I’m usually flattered if some other blog links to my work. I figure anything that brings more readers here has to be good. But for every responsible blogger out there, there are other who cut and paste the work of others and either pass it off as their own or barely credit the author.
If you know the solution, contact the newspaper industry because you will be a well-paid consultant. The problem will soon be this: If newspapers decide they can’t afford beat writers, where will that information come from? Somebody has to get on the plane, go to Toronto and ask the questions.
Mike’s observations about this are astute as always: rip-off blogs rarely get much traffic, and it’s not obvious that the world needs a dozen people covering the Yankees. But the thing that caught my eye was that last sentence: “Somebody has to get on the plane, go to Toronto and ask the questions.”
Actually, no they don’t. At the risk of belaboring the obvious, there are a lot of people in Toronto. Many of them are good writers. Some of them even cover sports for a living. And the Internet makes it easy to transmit content from place to place. So there are plenty of places the information can “come from,” and plenty of ways information about the game in Toronto can get back to readers in New York.
Most obviously, Toronto presumably has sports reporters of its own. They presumably cover Yankees away games. So one obvious approach would be for New York publications to syndicate the content of Toronto publications when the Yankees are in Toronto, and for the opposite to occur when the Blue Jays are in New York.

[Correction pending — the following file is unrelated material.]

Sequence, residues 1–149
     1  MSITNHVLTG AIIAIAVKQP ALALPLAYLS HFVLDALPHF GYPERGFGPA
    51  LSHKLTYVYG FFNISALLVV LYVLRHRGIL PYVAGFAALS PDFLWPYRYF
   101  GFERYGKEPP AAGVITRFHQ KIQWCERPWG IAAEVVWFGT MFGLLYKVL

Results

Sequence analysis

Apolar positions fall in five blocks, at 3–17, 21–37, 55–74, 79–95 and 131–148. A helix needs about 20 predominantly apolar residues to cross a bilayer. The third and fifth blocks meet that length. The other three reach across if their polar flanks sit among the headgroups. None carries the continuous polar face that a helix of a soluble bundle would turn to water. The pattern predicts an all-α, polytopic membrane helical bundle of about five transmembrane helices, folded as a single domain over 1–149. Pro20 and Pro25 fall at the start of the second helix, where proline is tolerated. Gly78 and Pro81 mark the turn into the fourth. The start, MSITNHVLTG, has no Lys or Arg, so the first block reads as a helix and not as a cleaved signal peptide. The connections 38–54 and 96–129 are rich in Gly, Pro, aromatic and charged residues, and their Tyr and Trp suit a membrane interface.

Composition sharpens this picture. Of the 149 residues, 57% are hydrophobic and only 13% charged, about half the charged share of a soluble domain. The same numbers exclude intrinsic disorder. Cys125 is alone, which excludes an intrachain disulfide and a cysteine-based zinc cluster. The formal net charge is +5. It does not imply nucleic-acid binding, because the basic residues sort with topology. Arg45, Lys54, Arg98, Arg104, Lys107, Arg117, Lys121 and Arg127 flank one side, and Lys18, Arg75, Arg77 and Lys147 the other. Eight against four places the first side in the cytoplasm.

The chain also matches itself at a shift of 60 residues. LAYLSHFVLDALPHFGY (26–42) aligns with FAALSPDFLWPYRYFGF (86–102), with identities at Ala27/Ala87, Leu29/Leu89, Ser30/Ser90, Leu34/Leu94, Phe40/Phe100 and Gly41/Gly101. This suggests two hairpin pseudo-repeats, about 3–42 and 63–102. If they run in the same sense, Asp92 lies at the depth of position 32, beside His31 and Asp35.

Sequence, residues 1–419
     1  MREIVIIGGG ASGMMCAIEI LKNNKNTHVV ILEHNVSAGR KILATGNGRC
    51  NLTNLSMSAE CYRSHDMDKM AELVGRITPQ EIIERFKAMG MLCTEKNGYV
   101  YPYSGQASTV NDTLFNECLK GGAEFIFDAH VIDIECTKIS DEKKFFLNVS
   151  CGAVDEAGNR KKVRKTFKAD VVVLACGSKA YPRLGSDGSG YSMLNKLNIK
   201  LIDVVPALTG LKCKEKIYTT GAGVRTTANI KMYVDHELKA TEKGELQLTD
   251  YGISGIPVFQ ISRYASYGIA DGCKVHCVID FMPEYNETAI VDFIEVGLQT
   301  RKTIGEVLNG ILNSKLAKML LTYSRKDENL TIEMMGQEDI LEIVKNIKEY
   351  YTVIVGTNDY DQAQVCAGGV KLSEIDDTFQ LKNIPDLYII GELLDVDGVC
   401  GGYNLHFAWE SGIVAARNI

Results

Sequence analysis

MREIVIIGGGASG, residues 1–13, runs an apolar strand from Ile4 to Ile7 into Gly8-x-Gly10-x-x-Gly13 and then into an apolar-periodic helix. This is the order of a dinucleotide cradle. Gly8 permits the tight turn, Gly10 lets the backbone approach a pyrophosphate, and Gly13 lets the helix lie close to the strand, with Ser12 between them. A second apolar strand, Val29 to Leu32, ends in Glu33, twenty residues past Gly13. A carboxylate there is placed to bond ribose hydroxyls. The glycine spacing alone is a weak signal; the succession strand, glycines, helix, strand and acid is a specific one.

Now, I don’t necessarily think this is the best way to do sports reporting. And I don’t think we’re headed for a grim future when reporters can never afford plane tickets. But Abraham is asking the wrong question. The question is: “how do we make sure fans have good coverage of their favorite sports teams?” Maybe that will continue to involve Abraham flying to Toronto. But maybe it won’t; the Internet may help us come up with better ways of doing things.
That might sound like nitpicking, but I think it illustrates an important point about the kinds of arguments newspaper partisans make. More often than not, they start from the assumption that newspapers need to continue doing all the stuff they’re doing now, and then they complain that their revenues are no longer sufficient to cover those costs.
Innovation often involves abandoning an old, expensive process in favor of a new, cheaper one. We don’t have as many telephone operators, linotype operators, or stenographers as we used to because we developed technologies that allow us to do those jobs a lot more efficiently. And it’s because of these kinds of changes that businesses have been able to cut costs, lower their prices, and ultimately make us all richer.
So it’s important to distinguish between reporting in the abstract and the particular activities of today’s dominant news firms. The former is important and worth preserving. The latter simply isn’t. And when you equate the two, you wind up reasoning backwards: trying to figure out how to finance unnecessary expenditures rather than thinking about which expenditures are unnecesary. The problem is that if you’ve spent your whole professional life working at newspapers, as many print reporters have, it can be rather difficult to see the difference.